Pitch perfect: Here’s how to impress with less

Janet Arrowood

You have only 30 to 60 seconds — that’s 75 to 150 words — to grab someone’s attention. That’s about the amount of time it takes to ride an elevator a few floors — hence the term “elevator pitch.” It’s crucial to make your pitch concise, jargon-free and focused on what you provide rather than how or why you provide it.

So, what does an elevator pitch involve? Here’s a generic example. You probably offer many products or services, so you’ll want several pitches to meet different goals.

We/I provide three main services/products. We/I solve problem or situation ABC by providing our competitive advantage to help a particular person or group achieve its goal or objective.

Note the focus on what rather than how and the way the pitch makes the prospect’s goals or objectives the most important thing since that’s the final part of the pitch.

Here are two examples.

A not-so-good pitch for a real estate professional: “My name is ABC. I work for DEF Realty. We provide a full range of value-added services backed by our stellar reputation to help anyone interested in buying or selling a house or investment property fulfill their personal dreams or business investment goals. We do this by ensuring all properties get maximum exposure in the real estate market so we can get our clients the best possible value for their money or price for their resale.”

That’s more 70 words that say next to nothing. If your pitch includes words like “any,” “every” or “all” or generic adjectives, you’re not pitching a valuable service or product. You’re too vague and unlikely to attract much business.

Try this instead: “My name is ABC. I’ve been a licensed Realtor for more than XX years. The three types of neighborhoods I specialize in are X, Y and Z. My company and I are experts in client relocation to these neighborhoods. We have assisted XX families and YY companies with their relocation needs during the past ZZ years. We’re usually able to get you into your new home in 60 days or less.”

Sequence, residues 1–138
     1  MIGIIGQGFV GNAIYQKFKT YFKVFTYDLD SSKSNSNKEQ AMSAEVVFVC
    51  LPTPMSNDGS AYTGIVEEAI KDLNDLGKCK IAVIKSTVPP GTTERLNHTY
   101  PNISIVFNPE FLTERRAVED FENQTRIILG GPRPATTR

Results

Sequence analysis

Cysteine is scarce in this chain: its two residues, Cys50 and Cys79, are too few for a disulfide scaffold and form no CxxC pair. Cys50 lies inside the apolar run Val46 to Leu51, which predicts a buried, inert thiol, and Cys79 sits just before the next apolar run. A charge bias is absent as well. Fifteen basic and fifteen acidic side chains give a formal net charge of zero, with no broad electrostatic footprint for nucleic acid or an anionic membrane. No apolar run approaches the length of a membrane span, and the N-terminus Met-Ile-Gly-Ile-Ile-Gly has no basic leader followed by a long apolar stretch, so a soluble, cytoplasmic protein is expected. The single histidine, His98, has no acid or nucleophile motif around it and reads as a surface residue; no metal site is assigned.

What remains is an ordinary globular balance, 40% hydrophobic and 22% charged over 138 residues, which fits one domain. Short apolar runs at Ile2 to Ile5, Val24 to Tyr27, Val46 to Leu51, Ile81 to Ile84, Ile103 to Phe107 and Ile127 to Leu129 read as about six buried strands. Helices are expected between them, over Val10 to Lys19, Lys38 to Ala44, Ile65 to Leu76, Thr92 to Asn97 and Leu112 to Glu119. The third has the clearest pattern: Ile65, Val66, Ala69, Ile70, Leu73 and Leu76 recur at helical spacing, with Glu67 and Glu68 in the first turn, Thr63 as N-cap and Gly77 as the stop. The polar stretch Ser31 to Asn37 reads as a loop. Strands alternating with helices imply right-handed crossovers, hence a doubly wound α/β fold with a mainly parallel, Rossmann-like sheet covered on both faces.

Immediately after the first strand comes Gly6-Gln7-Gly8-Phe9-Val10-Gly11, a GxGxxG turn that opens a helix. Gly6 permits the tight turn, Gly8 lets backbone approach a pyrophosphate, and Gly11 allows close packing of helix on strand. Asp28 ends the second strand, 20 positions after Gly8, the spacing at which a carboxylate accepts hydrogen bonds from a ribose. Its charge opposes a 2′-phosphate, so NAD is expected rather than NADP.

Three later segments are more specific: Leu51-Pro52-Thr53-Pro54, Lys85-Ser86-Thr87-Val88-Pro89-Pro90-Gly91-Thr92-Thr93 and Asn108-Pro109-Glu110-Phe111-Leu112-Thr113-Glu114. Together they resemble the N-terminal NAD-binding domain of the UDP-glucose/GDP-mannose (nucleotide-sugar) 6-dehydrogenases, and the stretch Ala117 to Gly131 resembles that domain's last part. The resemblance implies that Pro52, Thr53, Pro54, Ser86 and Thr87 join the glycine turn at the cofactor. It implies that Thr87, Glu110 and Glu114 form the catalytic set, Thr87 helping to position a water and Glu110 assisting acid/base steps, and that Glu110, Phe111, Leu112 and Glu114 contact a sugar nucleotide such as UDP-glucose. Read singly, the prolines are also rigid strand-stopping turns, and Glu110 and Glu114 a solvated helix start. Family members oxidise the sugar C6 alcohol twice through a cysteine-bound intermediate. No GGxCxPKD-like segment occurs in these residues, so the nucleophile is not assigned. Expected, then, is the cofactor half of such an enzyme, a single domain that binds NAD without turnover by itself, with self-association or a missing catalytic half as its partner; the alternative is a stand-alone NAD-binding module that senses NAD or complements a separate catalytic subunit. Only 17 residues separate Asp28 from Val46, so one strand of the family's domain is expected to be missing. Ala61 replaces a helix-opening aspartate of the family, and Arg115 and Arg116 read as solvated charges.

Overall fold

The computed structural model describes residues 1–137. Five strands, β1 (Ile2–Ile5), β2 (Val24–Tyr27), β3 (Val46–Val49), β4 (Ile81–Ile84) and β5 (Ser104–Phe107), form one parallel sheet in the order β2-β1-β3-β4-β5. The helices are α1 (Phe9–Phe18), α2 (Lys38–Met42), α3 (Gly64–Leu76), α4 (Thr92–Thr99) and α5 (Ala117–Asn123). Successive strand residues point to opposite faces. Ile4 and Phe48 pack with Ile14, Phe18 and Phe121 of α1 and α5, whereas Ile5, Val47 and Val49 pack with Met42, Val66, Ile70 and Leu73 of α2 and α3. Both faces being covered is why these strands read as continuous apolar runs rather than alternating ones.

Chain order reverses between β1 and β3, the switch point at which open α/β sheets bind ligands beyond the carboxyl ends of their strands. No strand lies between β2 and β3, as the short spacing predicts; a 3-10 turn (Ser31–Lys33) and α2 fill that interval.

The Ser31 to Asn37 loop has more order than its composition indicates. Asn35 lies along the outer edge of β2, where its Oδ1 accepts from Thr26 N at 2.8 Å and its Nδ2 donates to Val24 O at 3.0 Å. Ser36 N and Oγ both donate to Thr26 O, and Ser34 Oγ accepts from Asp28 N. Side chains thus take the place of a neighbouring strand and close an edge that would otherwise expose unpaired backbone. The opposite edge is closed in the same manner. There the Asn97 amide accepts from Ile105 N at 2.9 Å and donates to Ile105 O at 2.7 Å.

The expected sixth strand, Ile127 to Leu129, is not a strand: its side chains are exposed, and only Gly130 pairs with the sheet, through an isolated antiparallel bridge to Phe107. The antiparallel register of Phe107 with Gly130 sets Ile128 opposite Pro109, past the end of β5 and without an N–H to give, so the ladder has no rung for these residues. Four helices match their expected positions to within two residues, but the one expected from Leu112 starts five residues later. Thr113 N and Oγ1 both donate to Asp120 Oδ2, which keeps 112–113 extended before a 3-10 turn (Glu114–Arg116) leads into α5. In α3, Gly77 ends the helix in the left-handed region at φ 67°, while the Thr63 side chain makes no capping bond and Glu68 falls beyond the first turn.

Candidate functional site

That’s roughly the same number of words. But now you’re more focused and have used a layperson’s terms. Most of the people in your network can relate to this. They get the sense of what it is you do and what you want from them. In addition, you’ve provided a couple of specific examples of the types of clients or prospects you seek, even if the person you’re pitching isn’t one of those prospects.

Another version of your elevator pitch should focus on your centers of influence. These are people or positions that can get you in front of or in contact with potential clients.

I’ve found a pitch focusing on gaining contacts with these centers of influence to be successful. For starters, the person you’re pitching doesn’t usually feel put on the spot since you’re asking for somewhat generic contacts. You give the person some ideas of the type of person or position you’d like to contact without making a specific sales pitch or muddying the waters with lots of industry specific details.

Here’s an example of a center of influence pitch:

“Hi. My name is GHI. I’m a CPA with Big CPA Firm. We specialize in small business tax and accounting services. Good business contacts for me are construction companies with 50 or fewer employees, independent financial advisors and business law attorneys. We provide their clients with tailored, practical tax advice and tax filings. We have the qualifications and more than XX years of experience to help these clients manage IRS, state and other tax issues and filings.”

Again, just over 70 words. But this time, the focus is on introductions to and contacts with companies that have access to and influence over dozens, if not hundreds, of really good prospects for you. Rather than one off transactions with a series of sequential prospects, you seek to build relationships with a few centers of influence you make comfortable with you and your expertise. Then they do the hard work of identifying suitable prospects for you and making qualified referrals. Note the “pitch” only identified three categories of centers of influence.
A laundry list of services will cause the target’s eyes to glaze over.

An elevator pitch — or two or three — is something every business owner, professional or employee needs if they want their businesses or job opportunities to grow.